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a view from the bridge

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Introduction

Arthur Miller proves to all readers just how much potential he has. In 'A View From' the Bridge, he creates great dramatic tension in numerous ways. Dramatic tension is essential in plays because it keeps the viewer hooked and makes them tense too. Miller uses the over-protective character of Eddie and his actions, the anxieties of Catherine and Beatrice and the boxing "fight" between Eddie and Rodolpho to make the audience tense. This tension is heightened by sudden movements and gestures. Tension is also drastically increased by the characters words and the serious conflict between all three male characters. In this scene, Miller uses the character of Eddie to create tension. At the start of this scene there is hardly any tension. The audience watches a domestic scene, with the table being cleared after supper. As the conversation of Italy arises, the tension grows. This quote shows Eddie's arrogance towards Marco and Rodolpho and also shows his sarcasm, "I heard they paint the oranges to make them look orange". Marco and Rodolpho then correct Eddie by saying "No, in Italy the oranges are orange... Lemons are green" the audience now get the impression that there is going to be an argument arising. Eddie tries to then defend himself by saying, "I know lemons are green for Christ sake... ...read more.

Middle

This lesson of boxing soon develops into very dramatic tension. Eddie suddenly throws a punch right across Rodolpho's face. Marco then rises in astonishment. The audience are as shocked as Marco. Eddie shows no sympathy towards Rodolpho and doesn't even apologise. This hints to the audience that this was intentional. Eddie then says to Rodolpho, "...I didn't hurt him. Did I hurt you kid?" This shows us that Eddie is just pretending to care so that nobody thinks he's guilty of anything. He doesn't believe he has done anything wrong. Rodolpho then replies, "No, no, he didn't hurt me, I was only surprised." This quote shows us that despite getting hurt by Eddie, Rodolpho still shows respect towards him. How was Eddie to know that this little incident with Rodolpho was going to heighten the tension dramatically at the end of Act 1...? Sudden movements also contribute to the drama of the play. For example, when Catherine asks Rodolpho to dance, Eddie freezes. This shows that he is against this idea and shocked that Catherine could even think to come up with the idea. The audience can see and feel Eddie's anger and frustration heating up inside him as he can't bear to watch them dance together. The topic of work soon arises and Eddie feels he needs to express his opinion on what Rodolpho really should be doing with his life. ...read more.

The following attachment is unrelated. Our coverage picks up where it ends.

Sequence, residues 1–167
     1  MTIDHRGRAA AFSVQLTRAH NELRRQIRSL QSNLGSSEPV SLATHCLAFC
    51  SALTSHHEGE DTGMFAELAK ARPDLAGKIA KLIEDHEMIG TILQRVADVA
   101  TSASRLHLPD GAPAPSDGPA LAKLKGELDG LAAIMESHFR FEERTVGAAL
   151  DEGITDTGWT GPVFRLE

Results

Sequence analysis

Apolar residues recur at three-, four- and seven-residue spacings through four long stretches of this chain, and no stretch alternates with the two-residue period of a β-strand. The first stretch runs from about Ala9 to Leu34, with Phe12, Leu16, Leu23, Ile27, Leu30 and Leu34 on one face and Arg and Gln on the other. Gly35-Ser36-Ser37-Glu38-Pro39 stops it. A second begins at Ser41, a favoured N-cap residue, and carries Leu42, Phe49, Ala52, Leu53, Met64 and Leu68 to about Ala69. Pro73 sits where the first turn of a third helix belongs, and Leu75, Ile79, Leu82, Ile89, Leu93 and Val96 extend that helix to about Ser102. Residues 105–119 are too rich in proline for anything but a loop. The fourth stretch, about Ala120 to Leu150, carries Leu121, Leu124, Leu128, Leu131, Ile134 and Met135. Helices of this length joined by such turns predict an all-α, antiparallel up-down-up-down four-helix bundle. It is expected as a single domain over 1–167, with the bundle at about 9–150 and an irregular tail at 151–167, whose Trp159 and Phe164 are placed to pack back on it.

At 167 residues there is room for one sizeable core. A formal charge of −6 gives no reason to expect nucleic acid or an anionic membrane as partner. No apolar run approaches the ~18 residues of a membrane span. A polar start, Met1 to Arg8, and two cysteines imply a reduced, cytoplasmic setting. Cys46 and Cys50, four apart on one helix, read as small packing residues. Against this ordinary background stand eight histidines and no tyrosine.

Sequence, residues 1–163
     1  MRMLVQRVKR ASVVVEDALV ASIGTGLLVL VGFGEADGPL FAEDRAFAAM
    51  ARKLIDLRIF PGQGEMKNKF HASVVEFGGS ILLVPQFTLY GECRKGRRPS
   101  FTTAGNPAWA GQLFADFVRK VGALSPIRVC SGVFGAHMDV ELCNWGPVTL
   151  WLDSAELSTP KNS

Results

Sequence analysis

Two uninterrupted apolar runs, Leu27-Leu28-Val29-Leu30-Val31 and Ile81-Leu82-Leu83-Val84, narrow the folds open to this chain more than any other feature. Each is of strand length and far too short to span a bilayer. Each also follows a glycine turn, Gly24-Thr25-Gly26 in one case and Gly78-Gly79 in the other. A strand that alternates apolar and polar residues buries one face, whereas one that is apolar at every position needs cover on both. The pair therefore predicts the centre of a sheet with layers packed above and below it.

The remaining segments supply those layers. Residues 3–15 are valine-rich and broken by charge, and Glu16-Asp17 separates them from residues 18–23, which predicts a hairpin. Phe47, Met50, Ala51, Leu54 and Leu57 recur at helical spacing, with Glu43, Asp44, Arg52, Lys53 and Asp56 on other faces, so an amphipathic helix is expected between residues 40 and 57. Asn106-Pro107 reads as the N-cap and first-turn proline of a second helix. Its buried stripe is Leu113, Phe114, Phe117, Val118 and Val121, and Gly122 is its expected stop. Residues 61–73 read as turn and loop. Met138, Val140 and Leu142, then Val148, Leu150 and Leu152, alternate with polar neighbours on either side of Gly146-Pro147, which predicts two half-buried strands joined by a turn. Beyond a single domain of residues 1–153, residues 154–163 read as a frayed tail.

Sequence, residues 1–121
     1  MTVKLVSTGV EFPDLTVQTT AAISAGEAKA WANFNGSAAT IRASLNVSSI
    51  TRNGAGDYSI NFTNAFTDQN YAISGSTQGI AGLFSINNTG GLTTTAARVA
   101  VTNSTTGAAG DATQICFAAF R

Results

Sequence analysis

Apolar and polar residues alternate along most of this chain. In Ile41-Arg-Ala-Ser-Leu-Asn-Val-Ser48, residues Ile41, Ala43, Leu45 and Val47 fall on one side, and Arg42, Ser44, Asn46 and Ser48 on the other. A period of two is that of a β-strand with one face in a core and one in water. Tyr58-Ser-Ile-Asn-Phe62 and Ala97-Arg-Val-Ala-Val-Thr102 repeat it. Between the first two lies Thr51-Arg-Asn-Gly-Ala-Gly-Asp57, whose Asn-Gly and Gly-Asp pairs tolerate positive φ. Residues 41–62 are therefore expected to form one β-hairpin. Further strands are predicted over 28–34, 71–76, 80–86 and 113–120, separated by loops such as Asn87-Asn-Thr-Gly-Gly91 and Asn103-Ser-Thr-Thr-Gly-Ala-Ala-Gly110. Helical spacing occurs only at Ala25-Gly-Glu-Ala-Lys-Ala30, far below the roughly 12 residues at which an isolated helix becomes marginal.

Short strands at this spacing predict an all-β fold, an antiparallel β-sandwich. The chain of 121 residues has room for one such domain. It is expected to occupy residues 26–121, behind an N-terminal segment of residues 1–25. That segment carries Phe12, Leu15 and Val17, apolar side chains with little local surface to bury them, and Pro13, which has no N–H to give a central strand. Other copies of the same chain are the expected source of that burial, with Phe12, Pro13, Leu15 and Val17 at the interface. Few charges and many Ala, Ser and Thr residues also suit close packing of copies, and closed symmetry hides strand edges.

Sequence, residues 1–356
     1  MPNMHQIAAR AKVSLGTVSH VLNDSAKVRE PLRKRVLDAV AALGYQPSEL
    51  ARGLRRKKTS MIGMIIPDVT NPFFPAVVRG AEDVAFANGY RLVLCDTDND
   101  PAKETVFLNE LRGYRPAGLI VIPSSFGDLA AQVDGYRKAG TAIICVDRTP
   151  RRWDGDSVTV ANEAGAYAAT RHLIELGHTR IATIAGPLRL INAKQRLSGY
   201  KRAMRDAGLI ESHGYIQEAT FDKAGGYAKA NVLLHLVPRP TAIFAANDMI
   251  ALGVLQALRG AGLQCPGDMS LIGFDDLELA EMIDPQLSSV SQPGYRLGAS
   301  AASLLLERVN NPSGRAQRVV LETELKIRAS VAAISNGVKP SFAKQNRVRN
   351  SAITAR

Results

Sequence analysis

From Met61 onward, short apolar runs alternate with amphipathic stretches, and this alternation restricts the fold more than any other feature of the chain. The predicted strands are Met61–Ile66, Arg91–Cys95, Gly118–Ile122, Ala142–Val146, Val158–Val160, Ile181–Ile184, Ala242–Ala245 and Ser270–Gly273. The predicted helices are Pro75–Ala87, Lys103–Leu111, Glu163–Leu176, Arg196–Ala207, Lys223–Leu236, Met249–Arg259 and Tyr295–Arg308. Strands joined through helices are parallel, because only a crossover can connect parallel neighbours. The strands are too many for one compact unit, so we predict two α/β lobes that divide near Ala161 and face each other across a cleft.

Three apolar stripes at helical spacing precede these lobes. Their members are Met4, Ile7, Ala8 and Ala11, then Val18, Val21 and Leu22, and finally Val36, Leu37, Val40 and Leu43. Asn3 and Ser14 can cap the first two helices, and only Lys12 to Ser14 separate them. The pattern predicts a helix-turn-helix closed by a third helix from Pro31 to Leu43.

Conclusion

this challenge seems easy to Eddie and he's confidant that he can succeed. However, he fails. In embarrassment Eddie says, "Gee, that's hard, I never knew that." He then tries again. This shows how determined he is too achieve this challenge that Marco set him. Yet again, he fails. "It's at an angle, that's why, heh?" Here, Eddie feels embarrassed so makes up an excuse for failing. This shows that Eddie always wants to be the best and will strive to accomplish his goals. Everyone stops and watches in amazement at the site of Marco slowly lifting up the chair higher and higher. There's pure silence on stage as the characters as well as the audience focus on the chair. The chair has now been lifted so that it is raised over Eddie's head like a weapon. Marco and Eddie are face to face. Eddie's grin vanishes as he absorbs Marco's threatening glare. Marco is showing Eddie who is stronger and more powerful. He is also warning him to stay away from his little brother, Rodolpho. Eddie now realises he has met his 'rival' and defiantly lost the match. Throughout viewing this play, I have learned the many different ways in which Arthur Miller creates dramatic tension. To create tension you could show characters being threatened by other characters, have tension show through the characters dialogue, actions, sudden movements, characters anxieties and also through tense pauses. This scene indicates many arguments, tense moments, shocking events and many disagreements to come in Act 2. ...read more.

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